In heteroepitaxy, lattice mismatch between the deposited material and the underlying surface strongly affects nucleation and growth processes. The effect of mismatch is well studied in atoms with growth kinetics typically dominated by bond formation with interaction lengths on the order of one lattice spacing. In contrast, less is understood about how mismatch affects crystallization of larger particles, such as globular proteins and nanoparticles, where interparticle interaction energies are often comparable to thermal fluctuations and are short ranged, extending only a fraction of the particle size. Here, using colloidal experiments and simulations, we find particles with short-range attractive interactions form crystals on isotropically strained lattices with spacings significantly larger than the interaction length scale. By measuring the free-energy cost of dimer formation on monolayers of increasing uniaxial strain, we show the underlying mismatched substrate mediates an entropy-driven attractive interaction extending well beyond the interaction length scale. Remarkably, because this interaction arises from thermal fluctuations, lowering temperature causes such substrate- mediated attractive crystals to dissolve. Such counterintuitive results underscore the crucial role of entropy in heteroepitaxy in this technologically important regime. Ultimately, this entropic component of lattice mismatched crystal growth could be used to develop unique methods for heterogeneous nucleation and growth of single crystals for applications ranging from protein crystallization to controlling the assembly of nanoparticles into ordered, functional superstructures. In particular, the construction of substrates with spatially modulated strain profiles would exploit this effect to direct self-assembly, whereby nucleation sites and resulting crystal morphology can be controlled directly through modifications of the substrate.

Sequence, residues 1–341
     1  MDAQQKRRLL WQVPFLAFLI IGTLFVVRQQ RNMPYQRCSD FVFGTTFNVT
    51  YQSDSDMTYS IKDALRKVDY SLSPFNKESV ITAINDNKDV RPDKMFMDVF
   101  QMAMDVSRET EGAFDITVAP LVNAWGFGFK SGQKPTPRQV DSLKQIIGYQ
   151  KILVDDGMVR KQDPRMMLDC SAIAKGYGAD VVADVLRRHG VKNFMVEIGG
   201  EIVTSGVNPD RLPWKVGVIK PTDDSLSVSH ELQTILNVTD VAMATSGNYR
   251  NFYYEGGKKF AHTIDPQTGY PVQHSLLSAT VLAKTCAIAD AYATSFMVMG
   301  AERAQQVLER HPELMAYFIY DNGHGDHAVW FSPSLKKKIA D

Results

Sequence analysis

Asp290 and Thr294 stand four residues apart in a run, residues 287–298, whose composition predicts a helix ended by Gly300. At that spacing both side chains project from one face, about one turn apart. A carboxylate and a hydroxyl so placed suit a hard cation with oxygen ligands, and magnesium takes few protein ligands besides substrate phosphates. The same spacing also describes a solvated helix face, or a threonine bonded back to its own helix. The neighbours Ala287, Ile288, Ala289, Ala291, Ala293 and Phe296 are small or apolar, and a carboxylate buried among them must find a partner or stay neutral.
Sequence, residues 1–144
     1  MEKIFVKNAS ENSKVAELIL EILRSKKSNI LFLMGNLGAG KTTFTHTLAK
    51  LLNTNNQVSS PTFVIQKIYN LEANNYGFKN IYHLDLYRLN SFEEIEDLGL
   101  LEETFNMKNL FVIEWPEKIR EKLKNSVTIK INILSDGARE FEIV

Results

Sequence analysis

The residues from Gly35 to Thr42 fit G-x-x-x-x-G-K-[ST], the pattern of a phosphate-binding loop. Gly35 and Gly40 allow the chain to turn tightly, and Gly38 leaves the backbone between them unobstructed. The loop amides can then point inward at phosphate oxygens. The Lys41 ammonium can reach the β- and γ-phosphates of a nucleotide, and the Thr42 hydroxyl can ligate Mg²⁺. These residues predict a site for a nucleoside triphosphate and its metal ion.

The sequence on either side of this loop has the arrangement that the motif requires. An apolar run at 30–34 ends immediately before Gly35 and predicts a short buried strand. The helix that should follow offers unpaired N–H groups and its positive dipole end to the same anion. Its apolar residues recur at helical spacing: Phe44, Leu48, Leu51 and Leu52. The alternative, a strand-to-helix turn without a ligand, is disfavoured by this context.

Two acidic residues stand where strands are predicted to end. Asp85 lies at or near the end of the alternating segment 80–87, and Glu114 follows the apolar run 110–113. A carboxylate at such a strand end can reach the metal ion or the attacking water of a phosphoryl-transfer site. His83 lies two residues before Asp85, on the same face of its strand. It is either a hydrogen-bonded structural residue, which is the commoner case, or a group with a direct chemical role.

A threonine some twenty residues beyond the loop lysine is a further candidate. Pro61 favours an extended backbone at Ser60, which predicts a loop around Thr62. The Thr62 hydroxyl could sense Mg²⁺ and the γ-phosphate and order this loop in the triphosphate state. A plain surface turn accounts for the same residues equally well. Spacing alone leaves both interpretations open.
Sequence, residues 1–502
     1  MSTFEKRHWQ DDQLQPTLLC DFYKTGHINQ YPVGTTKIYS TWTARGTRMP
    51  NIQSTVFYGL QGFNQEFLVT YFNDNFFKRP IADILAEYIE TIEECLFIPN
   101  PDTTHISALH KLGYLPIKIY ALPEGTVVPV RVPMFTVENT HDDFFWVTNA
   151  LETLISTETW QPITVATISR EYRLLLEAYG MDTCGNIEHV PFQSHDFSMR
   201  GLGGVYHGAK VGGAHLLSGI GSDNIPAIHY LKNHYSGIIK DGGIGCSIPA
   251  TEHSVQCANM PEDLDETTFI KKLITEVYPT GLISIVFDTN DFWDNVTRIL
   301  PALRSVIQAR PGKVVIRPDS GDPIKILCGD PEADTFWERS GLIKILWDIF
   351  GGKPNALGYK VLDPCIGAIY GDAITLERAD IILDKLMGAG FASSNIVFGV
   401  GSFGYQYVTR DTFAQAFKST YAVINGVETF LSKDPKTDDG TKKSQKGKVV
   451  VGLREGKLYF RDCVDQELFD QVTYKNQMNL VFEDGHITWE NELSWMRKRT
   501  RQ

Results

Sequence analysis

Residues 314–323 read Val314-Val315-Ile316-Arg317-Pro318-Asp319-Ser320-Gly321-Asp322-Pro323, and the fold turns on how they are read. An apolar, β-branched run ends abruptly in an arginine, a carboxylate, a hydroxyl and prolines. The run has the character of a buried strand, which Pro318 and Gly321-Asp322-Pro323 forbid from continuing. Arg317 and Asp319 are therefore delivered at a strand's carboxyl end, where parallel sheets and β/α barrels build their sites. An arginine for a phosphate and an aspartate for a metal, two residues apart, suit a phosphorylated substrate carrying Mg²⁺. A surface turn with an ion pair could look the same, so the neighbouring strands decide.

Abstract

We present a simple cryostat purpose built for use with surface-electrode ion traps, designed around an affordable, large cooling power commercial pulse tube refrigerator. A modular vacuum enclosure with a single vacuum space facilitates interior access and enables rapid turnaround and flexibility for future modifications. Long rectangular windows provide nearly 360 degrees of optical access in the plane of the ion trap, while a circular bottom window near the trap enables NA 0.4 light collection without the need for in-vacuum optics. We evaluate the system's mechanical and thermal characteristics and we quantify ion trapping performance by trapping 40Ca+, finding small stray electric fields, long ion lifetimes, and low ion heating rates.

Abstract

A definition of quantum singularity for the case of static spacetimes has has recently been extended to conformally static spacetimes. Here the theory behind quantum singularities in conformally static spacetimes is reviewed and then applied to a class of spherically symmetric, conformally static spacetimes, including as special cases those studied by Roberts, by Fonarev, and by Husain et al. We use solutions of the generally coupled, massless Klein-Gordon equation as test fields. In this way we find the ranges of metric parameters and coupling coefficients for which classical timelike singularities in these spacetimes are healed quantum mechanically.

Abstract

We report the design, fabrication and characterization of a microfabricated surface-electrode ion trap that supports controlled transport through the two-dimensional intersection of linear trapping zones arranged in a 90° cross. The trap is fabricated with very large scalable integration techniques which are compatible with scaling to a large quantum information processor. The shape of the radio-frequency electrodes is optimized with a genetic algorithm to reduce axial pseudopotential barriers and minimize ion heating during transport. Seventy-eight independent dc control electrodes enable fine control of the trapping potentials. We demonstrate reliable ion transport between junction legs and determine the rate of ion loss due to transport. Doppler-cooled ions survive more than \( 10^5 \) round-trip transits between junction legs without loss and more than 65 consecutive round trips without laser cooling.